Kylie Ladd, one of my very favourite ‘acclaimed Australian authors‘, launched her third book Into My Arms this week. I met Kylie on Twitter in my very earliest weeks, and she was and is all of the good things: smart, funny, engaging, friendly. I read her first book After The Fall soon after, and was hooked.
Last time she visited the Fibro, we talked about characters and voice and lots of other good writing stuff. This time, well … read on.
Now that you have your third book, do you think that the writing gets easier or more difficult as you go along?
Kylie Ladd: “It should be easier, and in some ways it is, because I have the psychological crutch of knowing that I have done this before, a number of times now, and thus there’s no reason I can’t do it again. But really, every book is different, and every book should be harder if you’re also pushing for it to be better than your last (and if you aren’t, why not?), so the short answer is no, not at all. They’re all their own individual forms of hell.”
Do you finish each book with an idea of what the next one might be about?
Kylie Ladd: “Thankfully I do. It’s never a clear, fully-formed idea, but usually as I come into the final 20 or 30,000 words of whatever I’m working on I can sense something glimmering out of the corner of my eye. The trick is not to look at it directly – for one, I might scare it away. More importantly, though, it’s not a time for playing with new ideas – I need to keep my eyes on the horizon so I can steer the story I’m telling into shore.
“It is a comfort to have it there though. I’m not one of those writers who has a thousand ideas before bed each day – usually I only have one every few years, and then I have to make sure I can make it last the length of a book. I’m at the 75,000 word mark of my next (hopefully, fourth) novel now, and I can just feel something beginning to take shape at the edges of my brain. I really hope it’s a new novel, and not a migraine.”
Relationships of one form or another are at the heart of all your books – what’s the most difficult thing about writing about relationships?
Kylie Ladd: “Keeping them real. Having my characters do and say things that real people do, and not what I want them do to move the plot along or work in a nice piece of exposition or what have you. I also get a bit nervous about writing male characters, in case I get the voice wrong, but hopefully I’m getting over that. At the end of the day we’re all people first and foremost.”
You’re an author who doesn’t blog, FB, pin or all the rest – though you do Tweet. Do you agree with Charlotte Wood that ‘branding is junk‘? Or is there another reason you don’t get too involved?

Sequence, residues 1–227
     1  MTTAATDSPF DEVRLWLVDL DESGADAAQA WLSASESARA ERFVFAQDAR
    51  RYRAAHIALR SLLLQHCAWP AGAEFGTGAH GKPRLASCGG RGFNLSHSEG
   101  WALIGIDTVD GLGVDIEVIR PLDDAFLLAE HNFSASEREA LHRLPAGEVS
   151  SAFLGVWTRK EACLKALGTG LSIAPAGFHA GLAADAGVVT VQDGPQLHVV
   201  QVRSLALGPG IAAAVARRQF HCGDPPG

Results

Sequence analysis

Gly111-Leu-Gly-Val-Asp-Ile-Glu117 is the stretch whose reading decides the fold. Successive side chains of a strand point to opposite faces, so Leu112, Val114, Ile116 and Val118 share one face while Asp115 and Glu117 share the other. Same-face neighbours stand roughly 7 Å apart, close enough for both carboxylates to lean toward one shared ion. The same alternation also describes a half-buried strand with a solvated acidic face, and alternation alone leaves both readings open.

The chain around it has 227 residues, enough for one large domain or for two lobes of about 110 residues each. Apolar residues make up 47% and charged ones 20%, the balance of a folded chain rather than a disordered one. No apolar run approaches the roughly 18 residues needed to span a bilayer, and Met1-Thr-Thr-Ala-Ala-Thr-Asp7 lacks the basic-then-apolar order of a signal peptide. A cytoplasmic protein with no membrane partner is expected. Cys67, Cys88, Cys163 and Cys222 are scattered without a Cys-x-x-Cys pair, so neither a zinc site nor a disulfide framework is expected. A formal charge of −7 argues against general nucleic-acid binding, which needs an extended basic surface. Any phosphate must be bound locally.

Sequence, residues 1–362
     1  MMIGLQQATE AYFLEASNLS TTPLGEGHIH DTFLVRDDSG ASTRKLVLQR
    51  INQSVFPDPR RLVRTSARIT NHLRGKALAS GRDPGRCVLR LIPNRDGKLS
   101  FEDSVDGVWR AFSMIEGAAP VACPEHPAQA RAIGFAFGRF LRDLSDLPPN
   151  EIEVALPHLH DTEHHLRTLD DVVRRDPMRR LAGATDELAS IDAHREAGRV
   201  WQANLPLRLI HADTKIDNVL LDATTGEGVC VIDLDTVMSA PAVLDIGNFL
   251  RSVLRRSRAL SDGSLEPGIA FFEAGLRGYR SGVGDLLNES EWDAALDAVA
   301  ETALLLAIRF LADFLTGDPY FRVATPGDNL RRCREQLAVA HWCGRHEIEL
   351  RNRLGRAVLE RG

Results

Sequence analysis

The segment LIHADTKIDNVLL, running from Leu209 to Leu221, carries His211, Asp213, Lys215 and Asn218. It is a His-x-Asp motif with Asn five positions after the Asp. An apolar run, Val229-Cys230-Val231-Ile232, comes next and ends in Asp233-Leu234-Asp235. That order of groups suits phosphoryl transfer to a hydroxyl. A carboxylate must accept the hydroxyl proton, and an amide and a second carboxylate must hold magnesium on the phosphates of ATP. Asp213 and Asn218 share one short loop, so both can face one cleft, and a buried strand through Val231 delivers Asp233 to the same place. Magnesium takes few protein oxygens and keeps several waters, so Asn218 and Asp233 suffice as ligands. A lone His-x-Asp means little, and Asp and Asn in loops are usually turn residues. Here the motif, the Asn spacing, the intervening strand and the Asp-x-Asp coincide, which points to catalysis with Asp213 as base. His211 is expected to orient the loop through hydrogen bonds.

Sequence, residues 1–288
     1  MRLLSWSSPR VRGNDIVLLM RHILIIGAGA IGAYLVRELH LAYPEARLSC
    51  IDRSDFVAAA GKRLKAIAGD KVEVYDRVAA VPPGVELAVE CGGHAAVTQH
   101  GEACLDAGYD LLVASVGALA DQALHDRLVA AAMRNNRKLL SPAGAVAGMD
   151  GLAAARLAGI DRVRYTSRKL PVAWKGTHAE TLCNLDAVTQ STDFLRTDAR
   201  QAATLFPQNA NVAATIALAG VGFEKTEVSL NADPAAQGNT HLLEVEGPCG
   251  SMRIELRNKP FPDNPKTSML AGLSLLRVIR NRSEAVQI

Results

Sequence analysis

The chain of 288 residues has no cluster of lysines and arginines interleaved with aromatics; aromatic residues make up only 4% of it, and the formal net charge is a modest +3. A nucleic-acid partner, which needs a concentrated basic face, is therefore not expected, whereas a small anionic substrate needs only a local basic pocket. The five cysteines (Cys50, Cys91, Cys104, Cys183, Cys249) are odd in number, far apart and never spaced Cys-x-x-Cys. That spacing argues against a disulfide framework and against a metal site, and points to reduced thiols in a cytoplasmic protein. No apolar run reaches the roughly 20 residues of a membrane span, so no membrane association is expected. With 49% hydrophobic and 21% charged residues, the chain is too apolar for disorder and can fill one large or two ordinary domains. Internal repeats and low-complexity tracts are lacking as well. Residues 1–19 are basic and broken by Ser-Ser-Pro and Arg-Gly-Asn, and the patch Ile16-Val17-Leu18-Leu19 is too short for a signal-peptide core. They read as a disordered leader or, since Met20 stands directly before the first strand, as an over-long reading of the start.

Kylie Ladd: “Oooh, I didn’t know Charlotte said that. I like her even more now! I can definitely see the importance of branding to some extent, but I’m not sure it would be worth it for me. I don’t really think I’m all that interesting… but hopefully my novels are, so that’s what I’d rather work on and put my effort into.
“The other reason I don’t get too involved, as you say, is time (see next question!) and, to be honest, that thing I mentioned above about my general dearth of ideas. I have blogged in the past in a paid position (I know! But not paid much) and while I enjoyed it and am proud of what I produced in that year I found that it didn’t leave much in my tank for my fiction; that I was using insights and ideas and quandaries that I normally would’ve explored or addressed in a novel in my weekly column instead, and then I wasn’t much interested in them anymore or felt I couldn’t go over them again. Also, the pressure to always have something fresh and new and well-punctuated coming along did my head in. (NB. I do actually Facebook. Clearly not that well though!)”
How in the world do you fit being a successful author around being a parent AND a part-time job as a neuropsychologist?
Kylie Ladd: “By not blogging. Seriously though, it’s about discipline- it’s about setting aside time to write and refusing to let myself be talked into going out to lunch or seeing a private patient or even meeting for coffee on those days. It’s about keeping them so sacrosanct that one of my kids would have to be in the ER before I got up from the desk. It’s about allowing myself a bit of time to muck around on Twitter but then unplugging my computer and going to work in the kitchen or backyard if necessary so I can get something done without being lured astray by the siren song of the internet. (We don’t have wireless so I can accomplish this. My children believe we are living in the stone age.)
“Reading back, this all sounds a bit obsessive, but something I always say to my creative writing students is that the first rule of being a writer is to write. They all look at me like I’m nuts (Write. I paid money for this?), but it’s true. When you can write – and for most of us, that time is limited – the writing must come first.”